Skin and Bones by Sherry Shahan

Skin and Bones by Sherry Shahan

skin and bones

Between work and travel, I’ve been terrible about posting book reviews lately, but that doesn’t mean I haven’t been enduling at my normal rate; I’ve just been too busy (lazy) to do write up my thoughts on them. Recently, I’ve been reading a lot of YA literature again, missing my middle school roots. Skin and Bones by Sherry Shahan is one of those recent reads and is definitely different from its counterparts.

Shahan’s book focuses on teenage eating disorders, but earns it’s distinction in that the main character struggling with anorexia, is male- Jack (aka: Bones). His “sidekick” throughout the book is a boy on the opposite end of the eating spectrum, who has nicknamed himself Lard, as he says it is better to give yourself the nickname then let others dictate it. So often, young adult fiction that zeros in on the world of eating disorders focuses only on the anorexia/bulimia side of that world and within those boundaries, looks primarily at female sufferers.  The fact that the two main characters are male is this book’s saving grace.

That is where my love of this book ends. There are just too many gaps in the storyline and too often I felt like I was missing a page of the book. For example, early in the book, just after Jack checks in to the eating disorder unit (EDU) at his local hospital, he attends a group therapy session, where everyone is given a writing assignment. After the session, he is invited to spend time with some of the other patients, but says he wants to go to his room to write. The next thing we know, he falls asleep and it is suddenly morning. The flow of the timeline is just off. As I read this section, I felt like I had skipped a page somehow. I even checked and rechecked the page numbers on my e-reader to make sure I hadn’t flipped too many at once. But no. There was no in between action.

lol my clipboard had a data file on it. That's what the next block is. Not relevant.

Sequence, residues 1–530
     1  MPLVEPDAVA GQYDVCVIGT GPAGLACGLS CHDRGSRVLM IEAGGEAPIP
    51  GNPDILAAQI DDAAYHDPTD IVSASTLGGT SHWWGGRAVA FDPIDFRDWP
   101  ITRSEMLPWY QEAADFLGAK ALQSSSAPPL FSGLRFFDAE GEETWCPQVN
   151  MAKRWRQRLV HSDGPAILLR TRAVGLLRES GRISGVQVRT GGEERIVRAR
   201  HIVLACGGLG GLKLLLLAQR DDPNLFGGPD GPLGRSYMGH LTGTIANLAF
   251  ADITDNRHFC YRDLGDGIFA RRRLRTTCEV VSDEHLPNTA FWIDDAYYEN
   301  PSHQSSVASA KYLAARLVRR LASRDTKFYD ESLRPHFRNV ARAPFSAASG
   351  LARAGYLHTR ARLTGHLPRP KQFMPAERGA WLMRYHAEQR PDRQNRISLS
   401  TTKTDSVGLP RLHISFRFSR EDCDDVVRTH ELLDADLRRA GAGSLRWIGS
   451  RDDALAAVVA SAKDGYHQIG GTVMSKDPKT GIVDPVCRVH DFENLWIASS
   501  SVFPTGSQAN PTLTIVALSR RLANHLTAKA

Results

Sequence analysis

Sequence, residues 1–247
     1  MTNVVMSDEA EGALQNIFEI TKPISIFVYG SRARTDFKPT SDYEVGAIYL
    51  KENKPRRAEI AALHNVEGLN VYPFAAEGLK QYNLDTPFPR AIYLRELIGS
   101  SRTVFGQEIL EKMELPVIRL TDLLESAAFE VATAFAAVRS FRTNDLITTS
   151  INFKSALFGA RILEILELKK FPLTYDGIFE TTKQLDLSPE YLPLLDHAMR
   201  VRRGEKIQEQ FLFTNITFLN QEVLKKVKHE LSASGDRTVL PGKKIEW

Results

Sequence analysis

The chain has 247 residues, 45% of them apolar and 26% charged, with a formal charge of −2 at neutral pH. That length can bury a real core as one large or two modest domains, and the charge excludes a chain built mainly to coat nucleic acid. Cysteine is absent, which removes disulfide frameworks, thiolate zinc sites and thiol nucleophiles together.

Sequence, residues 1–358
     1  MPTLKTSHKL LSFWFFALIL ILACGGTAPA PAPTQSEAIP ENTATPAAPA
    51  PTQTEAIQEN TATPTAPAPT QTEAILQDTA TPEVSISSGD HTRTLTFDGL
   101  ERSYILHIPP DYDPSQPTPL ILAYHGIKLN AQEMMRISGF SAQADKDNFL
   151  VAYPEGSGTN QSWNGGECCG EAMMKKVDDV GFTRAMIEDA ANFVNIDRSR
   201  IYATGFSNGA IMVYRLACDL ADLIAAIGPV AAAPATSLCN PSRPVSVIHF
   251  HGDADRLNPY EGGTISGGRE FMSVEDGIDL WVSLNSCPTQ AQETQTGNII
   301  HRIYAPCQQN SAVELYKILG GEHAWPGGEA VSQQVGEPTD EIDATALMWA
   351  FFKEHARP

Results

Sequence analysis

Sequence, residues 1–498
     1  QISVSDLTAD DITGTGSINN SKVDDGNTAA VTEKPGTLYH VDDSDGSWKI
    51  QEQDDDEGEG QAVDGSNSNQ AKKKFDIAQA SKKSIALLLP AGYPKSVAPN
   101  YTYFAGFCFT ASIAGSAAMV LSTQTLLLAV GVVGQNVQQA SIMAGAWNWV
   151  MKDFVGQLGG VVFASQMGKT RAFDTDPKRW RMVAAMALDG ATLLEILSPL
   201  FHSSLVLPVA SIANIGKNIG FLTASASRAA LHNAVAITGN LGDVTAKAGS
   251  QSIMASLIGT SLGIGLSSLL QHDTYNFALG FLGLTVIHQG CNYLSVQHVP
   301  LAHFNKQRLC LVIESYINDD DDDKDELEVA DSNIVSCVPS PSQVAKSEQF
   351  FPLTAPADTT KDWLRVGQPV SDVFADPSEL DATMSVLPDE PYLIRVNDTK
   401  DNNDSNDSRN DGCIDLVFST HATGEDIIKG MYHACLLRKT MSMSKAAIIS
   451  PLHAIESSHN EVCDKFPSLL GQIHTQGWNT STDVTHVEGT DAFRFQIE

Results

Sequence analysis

There was one plot point that really caught my attention, and then only earned about four sentences of exploration. When Jack’s parents come to the family day held by the EDU, his mom makes a comment about having starved herself for a week to try to understand what Jack was dealing with. She then mentions how at first she was hungry, but as the week went on, she felt voices encouraging her to be strong and felt a bit of power at denying herself the food. This seems like it could be a fascinating look into the psychology of eating disorders, but it is quickly swept under the rug. Disappointing.

Skin and Bones takes place over the period of just a few weeks, which also makes the transformation of the main characters a little too convenient. People who really struggle with eating disorders don’t suddenly change all of their habits and thought process in such a short period of time. At times, the narrative seemed a little too convenient.

While I love that Sherry Shahan broke new ground with her male-centered story of eating disorders, in the end, it wasn’t enough to make up for the glaring gaps in plot and overall flow of the story. I am hoping that Shahan continues to write young adult novels, creating stories based outside the traditional writing on some important teen topics, and hopefully the flow will come as she grows in the genre. I will definitely pick up the next thing she writes, but as for Sherry Shahan’s Skin and Bones, it only earns:

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